GOMA (Reuters) -The Kenyan commander of a regional force set up to tackle militia violence in eastern Democratic Republic of Congo said he had resigned due to obstruction and threats to his safety, adding to doubts over whether the mission can be effective.
In the letter dated Thursday, Major General Jeff Nyagah said he was quitting due to an "aggravated threat" to his safety and a "systematic plan" to frustrate the force's efforts.
Diplomatic and Congolese government sources confirmed the letter's authenticity.
However, Kenya Defence Forces said on Friday that Nyagah had not resigned, saying the letter written by him was fake, but that he had in fact been appointed to a domestic command role.
The seven countries of the East African Community (EAC) set up the EACRF military force last April to try to end bloodshed linked to decades of militant activity in Congo's east.
But its mandate expired last month and EAC leaders have expressed differing views on how it should operate, with Congolese President Felix Tshisekedi demanding a more aggressive stance than the peacekeeping mandate proposed by others.
In the letter, Nyagah alleged foreign military contractors were sent to survey his residence in January, placing monitoring devices that forced him to relocate.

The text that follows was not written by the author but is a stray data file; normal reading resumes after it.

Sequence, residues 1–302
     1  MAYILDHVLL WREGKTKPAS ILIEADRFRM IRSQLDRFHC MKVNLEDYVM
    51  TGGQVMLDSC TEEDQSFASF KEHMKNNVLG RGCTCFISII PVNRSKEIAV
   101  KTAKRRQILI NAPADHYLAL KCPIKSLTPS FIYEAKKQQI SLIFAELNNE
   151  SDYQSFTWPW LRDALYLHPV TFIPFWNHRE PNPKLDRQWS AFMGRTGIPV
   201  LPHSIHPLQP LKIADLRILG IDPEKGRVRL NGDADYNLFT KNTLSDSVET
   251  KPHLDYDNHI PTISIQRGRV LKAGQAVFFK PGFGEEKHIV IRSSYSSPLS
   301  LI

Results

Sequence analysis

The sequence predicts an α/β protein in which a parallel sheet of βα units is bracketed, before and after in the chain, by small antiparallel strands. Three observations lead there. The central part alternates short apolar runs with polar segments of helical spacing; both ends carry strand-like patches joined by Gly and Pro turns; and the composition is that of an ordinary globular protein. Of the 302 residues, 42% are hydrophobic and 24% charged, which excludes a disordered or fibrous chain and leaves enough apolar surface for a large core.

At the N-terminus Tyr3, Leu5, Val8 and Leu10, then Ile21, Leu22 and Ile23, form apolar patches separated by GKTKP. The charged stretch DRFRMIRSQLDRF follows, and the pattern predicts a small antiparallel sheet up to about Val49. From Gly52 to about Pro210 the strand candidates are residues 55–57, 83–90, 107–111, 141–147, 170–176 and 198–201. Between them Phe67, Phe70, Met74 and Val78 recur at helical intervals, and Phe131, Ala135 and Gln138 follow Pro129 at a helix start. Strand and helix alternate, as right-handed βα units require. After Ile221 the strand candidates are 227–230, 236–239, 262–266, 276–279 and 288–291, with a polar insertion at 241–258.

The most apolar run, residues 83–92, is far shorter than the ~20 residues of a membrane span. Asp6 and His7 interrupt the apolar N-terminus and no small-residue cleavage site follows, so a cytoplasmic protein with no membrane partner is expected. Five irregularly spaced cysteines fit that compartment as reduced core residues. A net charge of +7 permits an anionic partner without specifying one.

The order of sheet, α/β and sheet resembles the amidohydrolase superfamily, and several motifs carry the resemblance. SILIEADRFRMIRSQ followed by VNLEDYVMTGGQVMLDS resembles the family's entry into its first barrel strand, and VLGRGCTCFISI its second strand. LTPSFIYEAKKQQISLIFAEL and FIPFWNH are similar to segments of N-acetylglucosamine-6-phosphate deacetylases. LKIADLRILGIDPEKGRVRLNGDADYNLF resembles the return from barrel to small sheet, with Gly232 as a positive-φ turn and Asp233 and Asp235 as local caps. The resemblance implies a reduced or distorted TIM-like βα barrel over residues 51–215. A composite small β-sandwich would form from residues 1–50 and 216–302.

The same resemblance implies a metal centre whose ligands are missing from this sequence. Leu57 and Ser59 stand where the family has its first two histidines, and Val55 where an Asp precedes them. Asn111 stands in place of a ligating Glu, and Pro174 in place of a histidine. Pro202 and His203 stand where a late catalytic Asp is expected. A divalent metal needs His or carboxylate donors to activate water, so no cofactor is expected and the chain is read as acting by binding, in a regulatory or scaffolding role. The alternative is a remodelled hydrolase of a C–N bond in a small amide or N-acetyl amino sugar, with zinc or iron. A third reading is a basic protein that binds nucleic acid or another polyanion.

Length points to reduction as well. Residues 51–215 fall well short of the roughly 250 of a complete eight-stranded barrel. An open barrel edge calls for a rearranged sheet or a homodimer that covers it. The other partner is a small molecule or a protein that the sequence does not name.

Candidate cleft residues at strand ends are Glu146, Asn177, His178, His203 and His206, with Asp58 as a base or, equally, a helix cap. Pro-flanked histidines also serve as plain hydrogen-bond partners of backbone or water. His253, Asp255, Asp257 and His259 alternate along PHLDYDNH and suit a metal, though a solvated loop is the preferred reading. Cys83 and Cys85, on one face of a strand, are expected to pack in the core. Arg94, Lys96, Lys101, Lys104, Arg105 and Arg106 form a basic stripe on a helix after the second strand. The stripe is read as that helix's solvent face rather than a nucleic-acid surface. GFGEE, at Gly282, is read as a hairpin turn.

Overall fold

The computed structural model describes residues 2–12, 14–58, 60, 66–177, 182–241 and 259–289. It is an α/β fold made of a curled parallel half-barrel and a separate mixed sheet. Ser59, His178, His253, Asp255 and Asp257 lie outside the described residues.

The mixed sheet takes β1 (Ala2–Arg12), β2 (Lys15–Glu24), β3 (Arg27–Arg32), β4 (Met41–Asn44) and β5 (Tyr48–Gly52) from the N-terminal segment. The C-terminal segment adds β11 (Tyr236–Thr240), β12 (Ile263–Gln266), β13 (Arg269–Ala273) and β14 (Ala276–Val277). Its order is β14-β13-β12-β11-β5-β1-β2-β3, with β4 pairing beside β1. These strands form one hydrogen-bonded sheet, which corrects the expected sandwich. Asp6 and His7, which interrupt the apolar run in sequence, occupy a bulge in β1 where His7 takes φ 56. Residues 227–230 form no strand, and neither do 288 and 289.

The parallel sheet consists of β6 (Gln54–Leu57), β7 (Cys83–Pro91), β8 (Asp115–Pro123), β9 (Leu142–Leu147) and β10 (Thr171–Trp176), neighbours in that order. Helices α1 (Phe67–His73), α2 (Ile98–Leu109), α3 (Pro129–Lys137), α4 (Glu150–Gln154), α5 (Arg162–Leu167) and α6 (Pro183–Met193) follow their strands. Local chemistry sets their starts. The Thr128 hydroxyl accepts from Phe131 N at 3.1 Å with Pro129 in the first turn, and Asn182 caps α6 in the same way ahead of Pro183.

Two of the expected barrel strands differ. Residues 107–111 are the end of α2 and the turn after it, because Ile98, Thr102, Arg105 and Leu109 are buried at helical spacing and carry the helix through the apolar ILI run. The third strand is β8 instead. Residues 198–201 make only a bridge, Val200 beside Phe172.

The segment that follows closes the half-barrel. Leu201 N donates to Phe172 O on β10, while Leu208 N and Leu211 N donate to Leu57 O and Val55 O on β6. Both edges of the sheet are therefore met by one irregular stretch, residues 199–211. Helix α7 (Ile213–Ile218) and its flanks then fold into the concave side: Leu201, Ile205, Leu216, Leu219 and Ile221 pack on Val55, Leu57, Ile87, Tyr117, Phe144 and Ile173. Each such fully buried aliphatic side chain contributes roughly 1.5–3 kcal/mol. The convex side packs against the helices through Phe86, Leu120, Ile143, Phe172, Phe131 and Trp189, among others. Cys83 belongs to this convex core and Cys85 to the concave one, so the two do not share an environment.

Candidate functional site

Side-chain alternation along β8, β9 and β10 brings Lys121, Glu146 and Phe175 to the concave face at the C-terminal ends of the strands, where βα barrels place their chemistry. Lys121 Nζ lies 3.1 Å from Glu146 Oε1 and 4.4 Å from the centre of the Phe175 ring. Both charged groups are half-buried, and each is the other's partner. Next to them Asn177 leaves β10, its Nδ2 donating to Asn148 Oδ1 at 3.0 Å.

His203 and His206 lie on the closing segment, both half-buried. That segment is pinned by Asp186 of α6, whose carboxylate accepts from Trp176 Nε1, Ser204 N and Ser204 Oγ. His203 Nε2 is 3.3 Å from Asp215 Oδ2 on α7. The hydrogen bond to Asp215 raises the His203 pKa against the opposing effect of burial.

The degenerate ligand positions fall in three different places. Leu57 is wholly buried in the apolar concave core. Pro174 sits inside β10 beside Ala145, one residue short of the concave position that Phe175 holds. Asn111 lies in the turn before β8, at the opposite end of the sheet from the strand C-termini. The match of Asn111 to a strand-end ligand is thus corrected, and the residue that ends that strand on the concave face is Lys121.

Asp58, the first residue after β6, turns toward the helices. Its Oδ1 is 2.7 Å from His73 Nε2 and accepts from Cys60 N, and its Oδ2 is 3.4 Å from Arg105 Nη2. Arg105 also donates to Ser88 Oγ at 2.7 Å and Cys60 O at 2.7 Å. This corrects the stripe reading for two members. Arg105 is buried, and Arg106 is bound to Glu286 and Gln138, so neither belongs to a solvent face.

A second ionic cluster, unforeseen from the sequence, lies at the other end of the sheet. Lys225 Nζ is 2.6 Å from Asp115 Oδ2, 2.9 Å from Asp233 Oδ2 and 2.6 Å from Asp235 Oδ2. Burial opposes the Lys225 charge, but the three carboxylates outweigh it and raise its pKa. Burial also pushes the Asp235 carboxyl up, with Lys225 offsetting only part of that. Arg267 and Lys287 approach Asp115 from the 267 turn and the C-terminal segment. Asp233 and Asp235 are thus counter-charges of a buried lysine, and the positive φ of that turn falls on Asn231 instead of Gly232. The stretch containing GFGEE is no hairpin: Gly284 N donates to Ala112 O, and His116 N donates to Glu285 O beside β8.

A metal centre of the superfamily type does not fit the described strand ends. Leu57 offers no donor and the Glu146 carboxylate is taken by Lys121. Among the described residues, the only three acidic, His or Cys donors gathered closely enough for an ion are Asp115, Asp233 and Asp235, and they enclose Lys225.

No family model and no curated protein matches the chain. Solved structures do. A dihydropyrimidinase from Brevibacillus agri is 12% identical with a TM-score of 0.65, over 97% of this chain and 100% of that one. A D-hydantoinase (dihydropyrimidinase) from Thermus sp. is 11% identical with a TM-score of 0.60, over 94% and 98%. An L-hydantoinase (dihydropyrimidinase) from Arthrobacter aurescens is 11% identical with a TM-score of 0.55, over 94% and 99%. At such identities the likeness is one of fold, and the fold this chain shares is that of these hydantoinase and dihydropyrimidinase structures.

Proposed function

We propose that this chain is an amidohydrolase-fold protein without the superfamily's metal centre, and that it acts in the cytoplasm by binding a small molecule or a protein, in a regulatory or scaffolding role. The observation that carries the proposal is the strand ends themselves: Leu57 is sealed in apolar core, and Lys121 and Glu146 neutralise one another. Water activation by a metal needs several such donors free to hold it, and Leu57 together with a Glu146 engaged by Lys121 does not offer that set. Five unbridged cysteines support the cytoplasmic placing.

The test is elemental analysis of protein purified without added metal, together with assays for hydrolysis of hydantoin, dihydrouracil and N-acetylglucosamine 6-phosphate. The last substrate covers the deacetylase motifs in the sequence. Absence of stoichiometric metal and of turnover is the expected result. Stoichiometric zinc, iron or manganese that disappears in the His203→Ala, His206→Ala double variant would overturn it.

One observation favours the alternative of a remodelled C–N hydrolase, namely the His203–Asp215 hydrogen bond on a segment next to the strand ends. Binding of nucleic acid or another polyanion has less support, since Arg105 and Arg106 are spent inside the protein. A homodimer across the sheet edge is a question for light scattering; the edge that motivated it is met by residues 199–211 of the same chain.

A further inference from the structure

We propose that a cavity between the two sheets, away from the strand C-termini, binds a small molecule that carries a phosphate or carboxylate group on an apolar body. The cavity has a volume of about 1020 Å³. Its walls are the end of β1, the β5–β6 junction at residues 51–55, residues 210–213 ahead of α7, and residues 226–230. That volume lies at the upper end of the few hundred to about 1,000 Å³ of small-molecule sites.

A spokesman for Congo's army said in a statement that Nyagah was not the target of any surveillance and his safety was never threatened. He added that the contractors were military instructors legally hired by the Congo to train its troops.
Nyagah said in the letter he was the target of orchestrated "negative media campaigns" that accused the EACRF of being soft on the M23 rebel group, which launched an offensive in east Congo last year.
He also mentioned a push by Congo's government to rotate the commander role every three months.
"My security as the Force Commander is not guaranteed," Nyagah said. "The ongoing frustration has rendered my mission untenable."
An EAC spokesperson did not comment on the allegations.
Congo has been openly critical of the EACRF since the start of the year, accusing it of failing to rein in the M23, and the renewal of its mandate is still under discussion.
(Reporting by Sonia Rolley, Paul Lorgerie, Djaffar SabitiAdditional reporting by George Obulutsa in Nairobi; Writing by Sofia ChristensenEditing by Bhargav Acharya, John Stonestreet, Jonathan Oatis and Frances Kerry)